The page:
Shipwreck and Terrible Aftermath


Shipwreck and Terrible Aftermath


Shipwreck at Ardmore.

To the editor of the Cork Constitution, Youghal 18th.October 1831.

CoastlineThe brig ‘Lusitania’, Captain Crookshanks, of and from Liverlpool to Oporto with a general cargo, was in the gale of the 14th.inst. driven onshore about 5 o’clock a.m. at Ballymacart, about six miles east of this harbour: the mate and two men succeeded in landing immediately after she struck, in the long boat, which was stove on reaching the beach. The Captain and remainder of the crew, with two gentlemen and two lady passengers, had no alternative but to remain on board, the sea was running so high, in which state I saw them, but could not render no assistance until about 3 o’clock, at low water, when a signal was made them to let a spar float ashore with a line to it, which they did, and to this we made fast the bow of a small boat, and, with another line to her stern she was drawn backwards and forwards through the surf.

The ladies were slung down from the stern into the boat, and in the same way the rest of the crew and passengers escaped from their perilous situation,- the Captain being the last man to leave the ship. She was a very fine vessel over 300 tons burden, about four years old, the cargo a very valuable one, mostly consisting of bale goods. I have succeeded in saving and bringing here a great part of the cargo, and hope to get what remains in, if the weather continues moderate. The vessel I fear will not be got off, as she lies on a bed of rocks and is broken through in many places. I must now add to my melancholy report of the stranding of the vessel, the melancholy disasters which have attended it.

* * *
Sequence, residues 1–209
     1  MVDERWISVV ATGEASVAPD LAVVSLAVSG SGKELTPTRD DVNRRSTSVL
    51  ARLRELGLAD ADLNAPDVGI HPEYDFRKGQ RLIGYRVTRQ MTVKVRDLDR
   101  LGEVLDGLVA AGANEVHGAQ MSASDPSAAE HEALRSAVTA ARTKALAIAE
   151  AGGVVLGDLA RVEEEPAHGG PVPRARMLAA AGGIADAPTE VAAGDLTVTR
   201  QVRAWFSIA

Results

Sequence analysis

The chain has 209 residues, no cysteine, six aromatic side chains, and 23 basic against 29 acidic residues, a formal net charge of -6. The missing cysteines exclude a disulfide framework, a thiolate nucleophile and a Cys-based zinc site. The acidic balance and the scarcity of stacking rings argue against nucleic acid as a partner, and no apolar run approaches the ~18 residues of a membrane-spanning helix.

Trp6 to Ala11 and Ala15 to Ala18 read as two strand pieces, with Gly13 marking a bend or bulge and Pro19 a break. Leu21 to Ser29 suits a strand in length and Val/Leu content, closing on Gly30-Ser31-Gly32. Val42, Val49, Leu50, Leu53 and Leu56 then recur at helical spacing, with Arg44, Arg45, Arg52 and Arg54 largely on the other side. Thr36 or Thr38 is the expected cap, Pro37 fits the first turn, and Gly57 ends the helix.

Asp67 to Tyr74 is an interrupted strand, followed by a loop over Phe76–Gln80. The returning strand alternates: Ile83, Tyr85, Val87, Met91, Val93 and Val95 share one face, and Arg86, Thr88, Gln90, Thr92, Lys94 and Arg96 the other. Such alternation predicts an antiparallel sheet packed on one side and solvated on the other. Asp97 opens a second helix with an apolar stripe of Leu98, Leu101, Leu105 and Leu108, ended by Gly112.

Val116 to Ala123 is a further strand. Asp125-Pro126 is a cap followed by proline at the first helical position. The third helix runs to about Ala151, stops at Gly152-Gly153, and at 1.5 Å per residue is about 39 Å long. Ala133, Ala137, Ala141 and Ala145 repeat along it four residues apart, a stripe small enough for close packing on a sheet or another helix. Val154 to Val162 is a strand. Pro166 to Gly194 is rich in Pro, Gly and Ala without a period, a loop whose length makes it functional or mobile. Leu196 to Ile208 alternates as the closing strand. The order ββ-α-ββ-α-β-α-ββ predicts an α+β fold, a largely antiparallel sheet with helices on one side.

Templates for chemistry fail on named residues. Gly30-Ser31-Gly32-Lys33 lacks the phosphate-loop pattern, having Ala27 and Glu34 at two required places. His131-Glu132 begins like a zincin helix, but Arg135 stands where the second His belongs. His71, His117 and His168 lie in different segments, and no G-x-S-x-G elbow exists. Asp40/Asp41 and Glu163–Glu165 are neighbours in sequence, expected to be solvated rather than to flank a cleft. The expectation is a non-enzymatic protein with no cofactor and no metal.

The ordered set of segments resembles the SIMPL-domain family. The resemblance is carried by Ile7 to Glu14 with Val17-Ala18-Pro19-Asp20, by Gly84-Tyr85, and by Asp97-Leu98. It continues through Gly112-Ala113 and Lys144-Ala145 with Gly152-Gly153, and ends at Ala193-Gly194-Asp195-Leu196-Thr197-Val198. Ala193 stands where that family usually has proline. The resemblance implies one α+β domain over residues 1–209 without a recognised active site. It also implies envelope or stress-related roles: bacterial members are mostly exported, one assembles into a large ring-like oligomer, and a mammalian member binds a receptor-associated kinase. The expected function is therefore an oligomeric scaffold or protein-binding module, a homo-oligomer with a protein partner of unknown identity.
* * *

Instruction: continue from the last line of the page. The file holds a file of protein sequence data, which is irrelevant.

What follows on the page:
Not having sufficient force to protect the property, it was deemed prudent to call in the aid of some military, and on Sunday it unfortunately happened one of the sailors got drunk and quarrelled with a soldier of the 37th.Regiment on duty which ended in the soldiers shooting him,- the man died instantly, and yesterday an inquest was held, and the verdict returned was ”unjustifiable homicide” whereupon the soldier was committed to Waterford Gaol. Last night one of the Coastguards on duty on board the vessel fell overboard and was drowned. Another of them had his leg broken yesterday by a bale falling on it; and a third was today severely struck by the handle of the winch on the sloop that his life is despaired of.

I think it very likely had there been a light on Cable Island this vessel would not have been lost, or these disasters have occurred, as the former rose out of the Captain not seeing the land, or knowing where he was, until a few minutes before the vessel struck land in the act of tacking her about. Lieut. Badgot (Bagehot) R.N. and the Coastguard under his command, contributed very much towards saving the lives of the crew and passengers, which I deem it just right to mention. I am Sir etc. Thomas John Jun. Agent for Lloyds.



Reference; Saunders News-Letter Saturday 22nd.October 1831




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